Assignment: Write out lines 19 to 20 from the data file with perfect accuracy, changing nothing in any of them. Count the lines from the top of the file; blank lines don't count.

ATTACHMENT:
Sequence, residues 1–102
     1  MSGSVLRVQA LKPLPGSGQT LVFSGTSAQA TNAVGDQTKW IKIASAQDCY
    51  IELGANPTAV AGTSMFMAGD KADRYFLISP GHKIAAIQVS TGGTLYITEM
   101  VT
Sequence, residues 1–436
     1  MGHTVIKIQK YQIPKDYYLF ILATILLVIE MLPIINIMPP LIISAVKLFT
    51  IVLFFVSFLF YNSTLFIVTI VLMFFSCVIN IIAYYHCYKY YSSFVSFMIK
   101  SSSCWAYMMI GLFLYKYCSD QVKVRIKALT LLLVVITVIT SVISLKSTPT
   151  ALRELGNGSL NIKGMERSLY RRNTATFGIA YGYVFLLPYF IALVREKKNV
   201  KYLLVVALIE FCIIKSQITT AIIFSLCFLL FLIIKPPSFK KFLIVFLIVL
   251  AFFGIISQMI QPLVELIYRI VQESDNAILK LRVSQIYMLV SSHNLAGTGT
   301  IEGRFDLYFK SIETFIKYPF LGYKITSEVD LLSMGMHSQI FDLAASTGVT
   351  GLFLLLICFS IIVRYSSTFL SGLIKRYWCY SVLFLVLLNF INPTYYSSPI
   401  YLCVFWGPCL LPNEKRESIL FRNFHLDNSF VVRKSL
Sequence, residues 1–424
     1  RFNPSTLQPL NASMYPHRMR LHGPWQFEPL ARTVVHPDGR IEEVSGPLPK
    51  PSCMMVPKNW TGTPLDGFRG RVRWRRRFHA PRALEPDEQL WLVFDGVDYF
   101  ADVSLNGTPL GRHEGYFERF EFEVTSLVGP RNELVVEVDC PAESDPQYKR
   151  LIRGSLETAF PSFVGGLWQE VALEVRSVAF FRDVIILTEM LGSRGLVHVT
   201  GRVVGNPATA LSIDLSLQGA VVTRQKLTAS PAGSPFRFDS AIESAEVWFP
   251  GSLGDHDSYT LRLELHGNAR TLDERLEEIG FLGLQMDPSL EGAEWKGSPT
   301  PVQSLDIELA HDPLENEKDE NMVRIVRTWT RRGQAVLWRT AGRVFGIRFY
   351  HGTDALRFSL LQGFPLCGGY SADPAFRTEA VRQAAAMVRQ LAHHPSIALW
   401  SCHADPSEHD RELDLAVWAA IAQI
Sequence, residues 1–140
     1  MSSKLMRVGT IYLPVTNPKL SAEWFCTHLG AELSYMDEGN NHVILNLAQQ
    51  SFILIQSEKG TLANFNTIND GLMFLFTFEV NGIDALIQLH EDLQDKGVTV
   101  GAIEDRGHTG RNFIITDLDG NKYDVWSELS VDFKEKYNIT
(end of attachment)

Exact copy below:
   151  LIRGSLETAF PSFVGGLWQE VALEVRSVAF FRDVIILTEM LGSRGLVHVT
   201  GRVVGNPATA LSIDLSLQGA VVTRQKLTAS PAGSPFRFDS AIESAEVWFP